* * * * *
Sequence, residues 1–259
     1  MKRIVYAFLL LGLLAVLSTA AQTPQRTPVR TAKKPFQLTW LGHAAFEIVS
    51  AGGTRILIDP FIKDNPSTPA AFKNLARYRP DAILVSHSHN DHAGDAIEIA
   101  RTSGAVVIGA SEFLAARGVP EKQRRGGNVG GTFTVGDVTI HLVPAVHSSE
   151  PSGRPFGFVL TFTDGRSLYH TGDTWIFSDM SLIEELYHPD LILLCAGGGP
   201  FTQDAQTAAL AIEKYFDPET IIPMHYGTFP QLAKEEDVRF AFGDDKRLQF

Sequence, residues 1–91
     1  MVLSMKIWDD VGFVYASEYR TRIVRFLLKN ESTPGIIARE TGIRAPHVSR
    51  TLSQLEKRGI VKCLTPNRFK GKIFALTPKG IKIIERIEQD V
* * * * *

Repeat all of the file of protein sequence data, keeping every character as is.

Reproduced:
Sequence, residues 1–259
     1  MKRIVYAFLL LGLLAVLSTA AQTPQRTPVR TAKKPFQLTW LGHAAFEIVS
    51  AGGTRILIDP FIKDNPSTPA AFKNLARYRP DAILVSHSHN DHAGDAIEIA
   101  RTSGAVVIGA SEFLAARGVP EKQRRGGNVG GTFTVGDVTI HLVPAVHSSE
   151  PSGRPFGFVL TFTDGRSLYH TGDTWIFSDM SLIEELYHPD LILLCAGGGP
   201  FTQDAQTAAL AIEKYFDPET IIPMHYGTFP QLAKEEDVRF AFGDDKRLQF

Sequence, residues 1–91
     1  MVLSMKIWDD VGFVYASEYR TRIVRFLLKN ESTPGIIARE TGIRAPHVSR
    51  TLSQLEKRGI VKCLTPNRFK GKIFALTPKG IKIIERIEQD V